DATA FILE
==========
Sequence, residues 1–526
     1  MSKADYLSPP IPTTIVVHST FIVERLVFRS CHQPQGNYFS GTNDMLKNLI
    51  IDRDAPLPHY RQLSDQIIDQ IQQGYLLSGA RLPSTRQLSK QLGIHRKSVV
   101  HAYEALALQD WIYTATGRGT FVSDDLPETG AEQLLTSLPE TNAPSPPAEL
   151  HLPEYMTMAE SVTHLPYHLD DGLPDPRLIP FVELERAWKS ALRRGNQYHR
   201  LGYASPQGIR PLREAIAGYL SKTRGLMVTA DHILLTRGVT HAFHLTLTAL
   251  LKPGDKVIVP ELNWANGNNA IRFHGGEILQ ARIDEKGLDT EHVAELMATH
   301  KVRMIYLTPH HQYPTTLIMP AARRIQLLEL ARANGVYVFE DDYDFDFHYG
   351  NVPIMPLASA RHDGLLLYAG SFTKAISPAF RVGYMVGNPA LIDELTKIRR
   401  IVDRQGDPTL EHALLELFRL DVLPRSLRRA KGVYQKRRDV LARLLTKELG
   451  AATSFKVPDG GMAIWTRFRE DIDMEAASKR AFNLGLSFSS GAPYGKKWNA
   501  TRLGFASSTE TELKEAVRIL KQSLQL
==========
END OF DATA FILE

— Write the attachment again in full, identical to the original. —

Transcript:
Sequence, residues 1–526
     1  MSKADYLSPP IPTTIVVHST FIVERLVFRS CHQPQGNYFS GTNDMLKNLI
    51  IDRDAPLPHY RQLSDQIIDQ IQQGYLLSGA RLPSTRQLSK QLGIHRKSVV
   101  HAYEALALQD WIYTATGRGT FVSDDLPETG AEQLLTSLPE TNAPSPPAEL
   151  HLPEYMTMAE SVTHLPYHLD DGLPDPRLIP FVELERAWKS ALRRGNQYHR
   201  LGYASPQGIR PLREAIAGYL SKTRGLMVTA DHILLTRGVT HAFHLTLTAL
   251  LKPGDKVIVP ELNWANGNNA IRFHGGEILQ ARIDEKGLDT EHVAELMATH
   301  KVRMIYLTPH HQYPTTLIMP AARRIQLLEL ARANGVYVFE DDYDFDFHYG
   351  NVPIMPLASA RHDGLLLYAG SFTKAISPAF RVGYMVGNPA LIDELTKIRR
   401  IVDRQGDPTL EHALLELFRL DVLPRSLRRA KGVYQKRRDV LARLLTKELG
   451  AATSFKVPDG GMAIWTRFRE DIDMEAASKR AFNLGLSFSS GAPYGKKWNA
   501  TRLGFASSTE TELKEAVRIL KQSLQL